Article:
Pro-Hong Kong independence party officially banned in unprecedented move

Irving Hamilton
September 24, 2018

A Hong Kong separatist party was officially banned by the government on national security grounds, on Monday, with Secretary for Security John Lee Ka-chiu saying its willingness to use force meant its pro-independence calls could not be treated as mere "political slogans".

John Lee, the territory's secretary for security, announced that the Hong Kong National Party will be prohibited from operation from Monday.

But Hong Kong's security bureau had previously said in a letter to the National Party's leader, 27-year-old Andy Chan, that the party should be dissolved "in the interests of national security or public safety, public order or the protection of the rights and freedoms of others".

The Hong Kong government said that while it backed freedom of speech and the press, allowing Chan to speak contravened the city's mini-constitution.

Semi-autonomous Hong Kong enjoys freedoms unseen on the mainland including freedom of expression but the space for political dissent is shrinking in the face of an increasingly assertive China under President Xi Jinping. Beijing resists any challenges to its sovereignty in Hong Kong.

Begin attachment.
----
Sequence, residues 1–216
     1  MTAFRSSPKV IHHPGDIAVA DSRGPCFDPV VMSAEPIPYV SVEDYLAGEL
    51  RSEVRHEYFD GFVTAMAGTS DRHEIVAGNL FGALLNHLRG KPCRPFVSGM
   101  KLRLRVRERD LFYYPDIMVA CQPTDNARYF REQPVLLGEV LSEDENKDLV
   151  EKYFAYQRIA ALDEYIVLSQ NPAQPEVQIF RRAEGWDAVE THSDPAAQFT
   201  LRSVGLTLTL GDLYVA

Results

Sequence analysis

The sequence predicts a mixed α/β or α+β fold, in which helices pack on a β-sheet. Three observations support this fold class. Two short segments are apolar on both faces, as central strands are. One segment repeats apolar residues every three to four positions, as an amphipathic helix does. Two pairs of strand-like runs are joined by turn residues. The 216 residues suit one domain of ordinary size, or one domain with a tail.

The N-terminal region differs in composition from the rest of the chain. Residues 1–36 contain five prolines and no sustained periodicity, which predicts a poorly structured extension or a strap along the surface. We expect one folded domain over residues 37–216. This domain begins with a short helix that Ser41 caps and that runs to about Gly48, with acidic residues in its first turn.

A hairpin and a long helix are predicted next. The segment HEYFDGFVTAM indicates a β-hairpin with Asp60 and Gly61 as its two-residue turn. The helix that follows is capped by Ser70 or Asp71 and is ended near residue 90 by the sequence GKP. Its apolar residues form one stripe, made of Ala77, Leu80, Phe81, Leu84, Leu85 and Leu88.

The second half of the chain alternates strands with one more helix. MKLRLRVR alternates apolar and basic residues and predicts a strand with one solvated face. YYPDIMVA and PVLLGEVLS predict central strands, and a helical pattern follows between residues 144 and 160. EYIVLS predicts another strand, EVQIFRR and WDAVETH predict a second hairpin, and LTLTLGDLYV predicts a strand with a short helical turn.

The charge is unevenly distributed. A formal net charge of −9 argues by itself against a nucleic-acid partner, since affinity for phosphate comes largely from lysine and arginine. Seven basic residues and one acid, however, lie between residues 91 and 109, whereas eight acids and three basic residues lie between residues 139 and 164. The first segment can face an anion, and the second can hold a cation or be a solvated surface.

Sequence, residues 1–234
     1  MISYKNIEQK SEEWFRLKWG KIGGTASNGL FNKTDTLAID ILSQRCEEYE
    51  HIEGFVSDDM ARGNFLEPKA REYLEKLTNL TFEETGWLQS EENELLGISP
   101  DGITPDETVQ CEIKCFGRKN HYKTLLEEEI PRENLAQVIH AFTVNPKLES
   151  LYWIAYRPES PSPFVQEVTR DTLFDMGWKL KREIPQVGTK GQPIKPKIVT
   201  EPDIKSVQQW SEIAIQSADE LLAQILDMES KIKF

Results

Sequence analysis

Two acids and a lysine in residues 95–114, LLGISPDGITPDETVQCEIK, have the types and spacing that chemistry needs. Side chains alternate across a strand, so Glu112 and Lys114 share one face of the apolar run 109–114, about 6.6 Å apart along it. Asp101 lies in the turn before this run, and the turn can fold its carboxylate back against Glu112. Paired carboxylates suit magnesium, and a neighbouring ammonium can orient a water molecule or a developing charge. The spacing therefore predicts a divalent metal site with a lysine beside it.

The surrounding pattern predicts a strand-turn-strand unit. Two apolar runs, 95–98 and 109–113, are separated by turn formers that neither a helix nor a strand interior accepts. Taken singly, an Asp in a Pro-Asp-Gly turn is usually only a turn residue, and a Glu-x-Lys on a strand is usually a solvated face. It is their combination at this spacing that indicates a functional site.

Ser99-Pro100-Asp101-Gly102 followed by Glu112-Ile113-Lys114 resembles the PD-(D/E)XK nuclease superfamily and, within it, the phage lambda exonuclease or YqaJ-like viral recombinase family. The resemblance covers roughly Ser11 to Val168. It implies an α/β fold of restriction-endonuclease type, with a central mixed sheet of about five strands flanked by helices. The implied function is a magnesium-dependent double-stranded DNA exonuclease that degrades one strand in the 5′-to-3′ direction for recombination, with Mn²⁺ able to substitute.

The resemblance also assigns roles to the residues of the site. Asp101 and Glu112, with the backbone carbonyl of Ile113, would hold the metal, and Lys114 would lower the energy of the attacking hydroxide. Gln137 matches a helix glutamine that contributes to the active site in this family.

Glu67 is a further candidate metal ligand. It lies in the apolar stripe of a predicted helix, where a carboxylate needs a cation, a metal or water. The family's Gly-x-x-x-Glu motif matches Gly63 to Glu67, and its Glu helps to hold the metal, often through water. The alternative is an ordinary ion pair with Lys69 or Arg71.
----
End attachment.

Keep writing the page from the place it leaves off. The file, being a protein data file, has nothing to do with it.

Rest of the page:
Andy Chan, convener of the Hong Kong National Party, told reporters on Monday that he does not wish to comment on the ban at this time.

Critics say the ban sets a worrying precedent for how the Societies Ordinance will be invoked in future.

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Activists calling for Hong Kong's independence from China emerged after mass pro-democracy rallies in 2014 failed to win reforms.

Local government efforts to find ways of cracking down on the independence movement follows a warning a year ago from President Xi Xinping during a visit to the city that any attempt to endanger China's sovereignty crossed a "red line". Yet the ban on HKNP has thrust it into the spotlight and may help the party gain new support.

But pro-independence campaigners including Chan have since been blocked from standing for office and others disqualified from the legislature.

However, uncertainty remained as to whether Hongkongers who expressed their views on the party on social media or journalists who interviewed party members and reported their remarks would be flouting the ban. Leading independence activist Edward Leung was jailed for six years in June on rioting charges after clashes with police in 2016.

Chan's high-profile speech at the Hong Kong Foreign Correspondents' Club on August 14 drew a strong reaction from the police, who considered the speech to be additional evidence in their case against Chan and his party.

"[Chan] publicly said China is Hong Kong's coloniser, and mainlanders are enemies of Hong Kong people".

The authorities could not rule out action against other groups, including those promoting "self determination" as well as full independence, he said.

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